Row spacing

Responses to corn row spacing are related to light interception. What I understand about this is that yield is optimized if corn canopies intercept 95% of sunlight at silking. Interestingly, modern Iowa corn hybrids in 30-in. rows at normal plant populations intercept 95% of the light at silking. That explains why we rarely see row spacings narrower than 30 in. improving corn yields over those of 30 in. That means that row spacings of 20 inches, 15 inches, 12 inches and/or twin rows rarely improve Iowa corn yields. On the other hand, yields are rarely reduced with row spacings narrower than 30 in. Remember though, yields are likely reduced in rows wider than 30 in. However, if early-season stress of some kind reduces canopy closure of corn in 30-in. rows, narrow rows may out-yield those of 30-in. rows. Dry conditions during vegetative development could do this.

Seeding rates

Optimum plant populations for normal Iowa conditions range between 34,500 and 37,000 plants per acre. Make sure to add in your normal attrition rate – failure to germinate and/or produce a plant – to compute your seeding rate. Attrition rates in our studies range from 3% to 7%. If your attrition rate is much greater than that, investigate the causes carefully!

One more note on seeding rates: If conditions are dry at planting and you expect them to persist, this is the year to be conservative when adjusting the planter. On your higher-yielding fields, plant on the average or high end of what you’ve done before – or up to the range suggested in the last paragraph. On fields with less yield potential, I’d back off a bit on seeding rates. Remember though, modern hybrids are more able to tolerate stress than older hybrids.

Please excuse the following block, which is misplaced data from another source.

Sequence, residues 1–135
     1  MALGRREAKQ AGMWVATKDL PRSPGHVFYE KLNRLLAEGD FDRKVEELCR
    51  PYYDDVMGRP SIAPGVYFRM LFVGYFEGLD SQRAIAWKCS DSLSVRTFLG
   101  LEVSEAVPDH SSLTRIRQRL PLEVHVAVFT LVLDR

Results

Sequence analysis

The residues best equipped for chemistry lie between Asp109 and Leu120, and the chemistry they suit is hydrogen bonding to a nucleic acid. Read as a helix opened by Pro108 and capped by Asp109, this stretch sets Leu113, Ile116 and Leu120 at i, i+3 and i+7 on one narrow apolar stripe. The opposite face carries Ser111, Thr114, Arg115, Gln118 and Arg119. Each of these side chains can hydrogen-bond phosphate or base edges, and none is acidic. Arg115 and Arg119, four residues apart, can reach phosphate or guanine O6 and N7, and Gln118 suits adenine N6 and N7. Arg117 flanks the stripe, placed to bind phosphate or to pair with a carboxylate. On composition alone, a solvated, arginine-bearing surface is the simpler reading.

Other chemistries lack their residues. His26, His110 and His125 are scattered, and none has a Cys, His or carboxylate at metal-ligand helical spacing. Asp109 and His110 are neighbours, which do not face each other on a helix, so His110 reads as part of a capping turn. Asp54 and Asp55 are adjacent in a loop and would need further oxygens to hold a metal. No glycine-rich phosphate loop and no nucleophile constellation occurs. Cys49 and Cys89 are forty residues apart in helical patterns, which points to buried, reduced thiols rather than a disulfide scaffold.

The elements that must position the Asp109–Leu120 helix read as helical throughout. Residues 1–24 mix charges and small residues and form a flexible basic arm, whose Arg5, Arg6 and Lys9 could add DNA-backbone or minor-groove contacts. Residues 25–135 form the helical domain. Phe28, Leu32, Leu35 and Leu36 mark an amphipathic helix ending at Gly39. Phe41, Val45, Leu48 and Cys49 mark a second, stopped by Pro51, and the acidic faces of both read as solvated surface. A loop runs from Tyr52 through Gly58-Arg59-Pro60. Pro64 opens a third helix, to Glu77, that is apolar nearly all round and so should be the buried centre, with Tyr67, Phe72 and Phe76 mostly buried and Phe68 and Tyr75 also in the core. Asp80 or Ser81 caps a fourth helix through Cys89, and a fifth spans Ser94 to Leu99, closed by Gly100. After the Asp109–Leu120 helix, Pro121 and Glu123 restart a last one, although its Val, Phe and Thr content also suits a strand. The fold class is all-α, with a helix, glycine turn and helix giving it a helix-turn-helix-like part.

Seeding depth

Standard corn seeding depth recommendations for Iowa are 1.5-2 in. As we mentioned in the early March ICM News, this seeding depth allows for quick emergence and maximum emergence rates as well as proper root system development. As discussed above, soils with moisture levels at field capacity provide the moisture level adequate to germinate seeds.

If soils at 1.5-2 in. are drier than field capacity, you could: plant deeper, adjust planter down pressure differently or plant at 1.5-2-in. depths and hope for rain (see Mark Hanna’s ICM New article for more information). The first two options are most reasonable unless you are certain of timely rain, then the third option may be best.

Corn can emerge from fairly deep planting depths depending on soil texture. For example, if necessary to reach adequate moisture, plant corn as deep as 3-3.5 in. on clay soils, 4-4.5 in. on loam soils and 5-6 in. on sandy soils. Remember though, if soil moisture is adequate at shallower planting depths, there is no reason to plant that deep. An array of problems accompanies unnecessarily deep planting: slower and more variable emergence, increased vulnerability to soil crusting and seedling diseases and insects. All of these reduce yield potential…and the crop is hardly out of the starting blocks.

Allow me to add one more thing on seeding depth. Seeding depth that varies among plants, especially in the same row, reduces yield through uneven emergence and thus uneven competition. This sets up a pecking order that chips away at yields all season long. In my experience, planting too fast is a major contributor to this. Time spent carefully adjusting your planter and speed for conditions specific to each of your fields will pay!